Healthcare freedom or healthcare disaster: the choice is ours

We face a critical juncture for our Republic, one that might even prove if we have reached, according to Francis Fukuyama, the “end of history.” This fork in the road presents two paths. One path will bring short-term relief, perhaps, but ultimately national self-immolation, while the other, momentarily a tough trail for some, will help recovery of both economy and freedom.

 
Should the current health care bill in the Senate pass, those who want health care insurance but do not have access (about 10 million people according to the liberal, non-profit Kaiser Family Foundation) will have relief. However, in a short time the disastrous consequences for the other 296 million Americans will become evident. They will include higher insurance premiums amid increased health care costs, as well as more third party rationing and stifled innovation. There will be no way around it. And, our country will throttle even faster toward default.

 
The other path will require surprisingly little discomfort for the vast majority of Americans, although the small group of truly uninsured may have to wait for more options. However, in short order, insurance and other health care costs will abate, and the market will provide for those without choices now, because the salient problem – 3rd party paying – would be addressed head on.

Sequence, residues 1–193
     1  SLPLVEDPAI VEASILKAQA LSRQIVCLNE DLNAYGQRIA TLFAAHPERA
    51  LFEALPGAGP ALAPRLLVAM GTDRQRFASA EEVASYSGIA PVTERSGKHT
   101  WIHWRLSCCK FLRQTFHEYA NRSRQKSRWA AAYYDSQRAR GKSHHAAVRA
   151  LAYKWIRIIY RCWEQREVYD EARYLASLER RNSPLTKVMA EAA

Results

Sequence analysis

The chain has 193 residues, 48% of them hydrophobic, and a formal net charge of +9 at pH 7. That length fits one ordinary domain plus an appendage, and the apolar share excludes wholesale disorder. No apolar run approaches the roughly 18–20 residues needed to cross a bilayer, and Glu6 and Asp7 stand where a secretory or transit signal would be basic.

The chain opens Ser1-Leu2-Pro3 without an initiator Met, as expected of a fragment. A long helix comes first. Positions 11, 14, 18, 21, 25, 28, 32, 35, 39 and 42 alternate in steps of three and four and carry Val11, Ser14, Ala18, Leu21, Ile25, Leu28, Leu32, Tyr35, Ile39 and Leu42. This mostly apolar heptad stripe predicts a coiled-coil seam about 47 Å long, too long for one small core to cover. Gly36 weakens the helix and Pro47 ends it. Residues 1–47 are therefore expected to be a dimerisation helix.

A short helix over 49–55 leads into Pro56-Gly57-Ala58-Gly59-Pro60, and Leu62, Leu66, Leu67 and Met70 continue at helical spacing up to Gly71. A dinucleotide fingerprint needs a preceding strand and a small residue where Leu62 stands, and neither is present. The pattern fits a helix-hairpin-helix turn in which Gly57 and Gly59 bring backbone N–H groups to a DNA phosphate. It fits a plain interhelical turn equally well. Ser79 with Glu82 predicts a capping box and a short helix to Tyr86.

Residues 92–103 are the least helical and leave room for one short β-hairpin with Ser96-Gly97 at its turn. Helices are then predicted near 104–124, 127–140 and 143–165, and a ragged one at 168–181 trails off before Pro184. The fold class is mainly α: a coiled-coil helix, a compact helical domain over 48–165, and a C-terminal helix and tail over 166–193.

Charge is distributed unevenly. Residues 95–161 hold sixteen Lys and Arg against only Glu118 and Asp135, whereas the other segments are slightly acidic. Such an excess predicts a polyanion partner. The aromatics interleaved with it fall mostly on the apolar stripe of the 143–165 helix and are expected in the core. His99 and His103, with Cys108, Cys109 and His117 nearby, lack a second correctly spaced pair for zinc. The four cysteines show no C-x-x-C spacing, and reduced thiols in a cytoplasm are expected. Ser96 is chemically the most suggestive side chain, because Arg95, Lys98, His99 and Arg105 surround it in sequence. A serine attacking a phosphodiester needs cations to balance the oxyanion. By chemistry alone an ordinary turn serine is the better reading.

Semantics may explain why proponents are pushing the Senate bill.  You may remember hearing the President and Ms. Pelosi incessantly discuss the health care “system” at the televised Health Care Summit.

The word “system” generally implies a designer. In this context, it is implied that the health care “system” suffers from a design flaw, which a better design, from a better designer, will fix.

 
But we don’t have a health care “system”. We have a health care market. And for anyone who understands markets, they are not designed, they are self-organizing. Immutable economic laws organize markets, just as the immutable laws of physics organize the universe.  Proponents of reform can no more redesign a working, free health care market than they can redesign gravity.

The appropriate role for the Federal government in health care reform is to make sure that contracts are enforced, health care related disputes get resolved and that the Commerce Clause is used for its intended purpose, i.e. to ensure that health insurance markets are “regular”, or open, between the States.

What the President and Ms. Pelosi may want to investigate is why the health care market has not distributed services according to purchasing power, as free markets always do.  What they will find, I’m afraid, is that government interference, their cure, is actually the cause of the health care market’s ills.